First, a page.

This news is based on the following articles:
- Lucht SA, Hennig F, Matthiessen C, et al. Air pollution and glucose metabolism: an analysis in non-diabetic participants of the Heinz Nixdorf Recall Study. Environ Health Perspect 2018 ; 126(4) : 047001. doi : 10.1289/EHP2561
- Li W, Dorans KS, Wilker EH, et al. Ambient air pollution, adipokines, and glucose homeostasis: The Framingham Heart Study. Environ Int 2018 ; 111 : 14-22. doi : j.envint.2017.11.010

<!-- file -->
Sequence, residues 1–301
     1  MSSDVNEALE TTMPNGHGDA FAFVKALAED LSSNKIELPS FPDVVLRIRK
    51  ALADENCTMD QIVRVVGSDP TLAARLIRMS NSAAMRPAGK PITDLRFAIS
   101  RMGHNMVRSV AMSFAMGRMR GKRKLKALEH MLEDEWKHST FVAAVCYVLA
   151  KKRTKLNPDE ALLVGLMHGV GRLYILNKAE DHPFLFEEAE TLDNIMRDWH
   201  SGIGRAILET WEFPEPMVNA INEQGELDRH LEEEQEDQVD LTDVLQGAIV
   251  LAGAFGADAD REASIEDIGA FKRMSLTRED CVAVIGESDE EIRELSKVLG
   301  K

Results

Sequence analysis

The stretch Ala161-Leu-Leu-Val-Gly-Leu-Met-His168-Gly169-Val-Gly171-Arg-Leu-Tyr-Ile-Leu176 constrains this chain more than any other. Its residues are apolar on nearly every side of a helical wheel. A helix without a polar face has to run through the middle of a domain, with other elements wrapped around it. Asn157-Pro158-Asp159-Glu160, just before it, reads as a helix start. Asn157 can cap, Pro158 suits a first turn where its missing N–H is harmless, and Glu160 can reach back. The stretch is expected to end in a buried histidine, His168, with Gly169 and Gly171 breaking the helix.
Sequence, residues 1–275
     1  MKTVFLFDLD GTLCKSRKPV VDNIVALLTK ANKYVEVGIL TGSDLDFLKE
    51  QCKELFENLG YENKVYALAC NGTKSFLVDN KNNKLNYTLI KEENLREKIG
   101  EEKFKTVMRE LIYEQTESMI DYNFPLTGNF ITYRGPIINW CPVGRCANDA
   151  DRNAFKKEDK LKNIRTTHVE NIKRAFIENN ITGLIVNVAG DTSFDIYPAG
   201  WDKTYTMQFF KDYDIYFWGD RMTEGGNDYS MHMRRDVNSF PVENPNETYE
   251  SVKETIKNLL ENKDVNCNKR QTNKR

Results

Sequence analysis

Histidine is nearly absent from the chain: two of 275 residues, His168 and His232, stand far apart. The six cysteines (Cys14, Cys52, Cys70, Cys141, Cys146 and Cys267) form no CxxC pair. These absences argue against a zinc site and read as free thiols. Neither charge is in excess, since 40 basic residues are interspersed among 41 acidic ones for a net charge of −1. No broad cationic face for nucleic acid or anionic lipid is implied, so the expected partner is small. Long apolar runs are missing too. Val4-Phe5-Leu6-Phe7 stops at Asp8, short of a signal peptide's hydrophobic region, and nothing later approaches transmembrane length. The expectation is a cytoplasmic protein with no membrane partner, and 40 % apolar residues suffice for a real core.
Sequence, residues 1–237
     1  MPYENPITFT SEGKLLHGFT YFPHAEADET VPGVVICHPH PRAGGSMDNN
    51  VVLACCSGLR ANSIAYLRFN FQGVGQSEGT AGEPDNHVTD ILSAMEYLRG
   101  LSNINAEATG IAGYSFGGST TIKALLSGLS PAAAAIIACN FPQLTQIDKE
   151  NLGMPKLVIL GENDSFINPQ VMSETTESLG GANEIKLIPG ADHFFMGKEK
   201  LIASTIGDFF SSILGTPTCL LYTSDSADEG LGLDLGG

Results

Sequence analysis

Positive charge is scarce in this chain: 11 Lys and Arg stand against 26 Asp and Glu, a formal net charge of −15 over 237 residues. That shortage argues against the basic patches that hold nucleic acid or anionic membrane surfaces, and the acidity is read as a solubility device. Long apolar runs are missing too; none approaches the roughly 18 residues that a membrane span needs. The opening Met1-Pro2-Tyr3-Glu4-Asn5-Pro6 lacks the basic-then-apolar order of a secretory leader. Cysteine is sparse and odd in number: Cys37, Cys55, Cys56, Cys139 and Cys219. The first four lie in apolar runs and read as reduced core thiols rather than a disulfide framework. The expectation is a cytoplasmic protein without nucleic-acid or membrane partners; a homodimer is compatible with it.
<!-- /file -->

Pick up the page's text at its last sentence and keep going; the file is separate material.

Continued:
These two analyses in non-diabetic populations help to explain the effects of air pollution on glucose homeostasis. Their common strength is the use of data from well-defined cohorts, which makes it possible to adjust for numerous covariates. The authors of the German stud* focused on the effects on blood glucose and glycated hemoglobin of medium-term exposure to four pollution compounds, including a sub-fraction of fine particulate matter. The work done in the United States includes other exposure indicators, such as proximity to a major roadway, and three adipokines among the biomarkers examined.